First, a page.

Section 8.22 of the Regulations requires that footwear must be “of a design, construction, and material appropriate to the protection required and that allows the worker to safely perform the worker’s work.” Further, when determining what qualifies as appropriate footwear the following factors must be considered: slipping, tripping, uneven terrain, abrasion, ankle protection and foot support, crushing potential, potential for musculoskeletal injury, temperature extremes, corrosive substances, puncture hazards, electrical shock and any other recognizable hazard. Accordingly, the most critical aspect of an employee’s footwear is its safety and suitability to prevent injury. The changes to the B.C Regulations will be enforced by WorkSafeBC, the body that oversees workers safety in the province. WorkSafeBC will also be developing a guideline for employers and employees to support the amended regulation.

Many critics of mandatory high heels have been vocal that the shoes on women’s feet are part of a much larger issue of sexualizing women in the workplace, which could lead to workplace harassment and other serious problems.

In Ontario, the Human Rights Commission has put forward a policy position that addresses more than just shoes, but also the requirements for female workers to wear low-cut tops or short skirts as the same could violate the Ontario Human Rights Code. In fact, in Ontario, there are human rights decisions dating back to the 1980s that have found that dress code requirements can have an adverse impact on women’s rights in the workplace.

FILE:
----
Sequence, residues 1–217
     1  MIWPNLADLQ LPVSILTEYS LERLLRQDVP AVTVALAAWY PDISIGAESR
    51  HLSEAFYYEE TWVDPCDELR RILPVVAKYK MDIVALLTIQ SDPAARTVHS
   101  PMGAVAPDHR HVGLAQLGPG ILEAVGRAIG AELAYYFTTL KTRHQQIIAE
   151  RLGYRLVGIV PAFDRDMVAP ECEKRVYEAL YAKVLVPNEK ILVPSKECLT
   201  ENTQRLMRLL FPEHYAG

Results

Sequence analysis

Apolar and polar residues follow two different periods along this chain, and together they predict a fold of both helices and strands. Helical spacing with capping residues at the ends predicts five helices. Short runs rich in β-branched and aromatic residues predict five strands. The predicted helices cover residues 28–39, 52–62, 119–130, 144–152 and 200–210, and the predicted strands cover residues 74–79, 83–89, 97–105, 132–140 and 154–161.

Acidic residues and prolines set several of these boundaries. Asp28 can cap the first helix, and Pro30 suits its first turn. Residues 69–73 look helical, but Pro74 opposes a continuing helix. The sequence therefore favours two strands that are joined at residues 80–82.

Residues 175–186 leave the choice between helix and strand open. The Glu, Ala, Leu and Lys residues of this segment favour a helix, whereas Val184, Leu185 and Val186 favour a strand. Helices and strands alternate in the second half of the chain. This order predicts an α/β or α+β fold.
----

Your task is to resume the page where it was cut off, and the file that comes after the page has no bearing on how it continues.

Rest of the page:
Over a year ago, the Ontario Human Rights Commission had issued a warning to such large restaurant chains as The Keg and Earl’s over their allegedly discriminatory dress codes. At this point, the Ontario Human Rights Commission has reported that the response from companies has been encouraging, as all of them are either developing new policies or amending existing ones. For example, Earl’s now permits their female worker to wear black pants as opposed to black skirts if they so choose. Nevertheless, the Ontario government has not taken the same steps as in B.C. whereby they have amended regulations under workplace safety legislation.

The amended Regulation in B.C. and the policy position by the Ontario Human Rights Commission does not mean that women cannot wear high heels. On the contrary, women can choose to wear shoes that they wish as long as they are suitable for the particular work environment. Showing up to a construction site in a pair of heels will obviously not be permitted, but if a woman chooses to wear high heels during her shift as a hostess that is absolutely permissible.

Any new female workers starting at Mason’s restaurant may or may not choose to wear high heels. However, they can be rest assured that Mr. Mason cannot require them to slip into a pair of five-inch Prada pumps. Mr. Mason will continue to have the right to dictate what the dress code will be for his employees, but he has to make sure that he complies with health and safety standards and that his policy is not discriminatory in its application.

An employer is under many obligations to ensure that their company is operating in accordance with the law. Legislation is frequently changing, especially in the area of workplace safety. Being pro-active and seeking legal counsel before implementing policies and procedures in the workplace can result in a substantial savings to a company in the long run, as it minimizes the risk of liability in the future.

David Alli of Brampton, Ont.- based Lawrences represents and advises employers in all areas of employment law.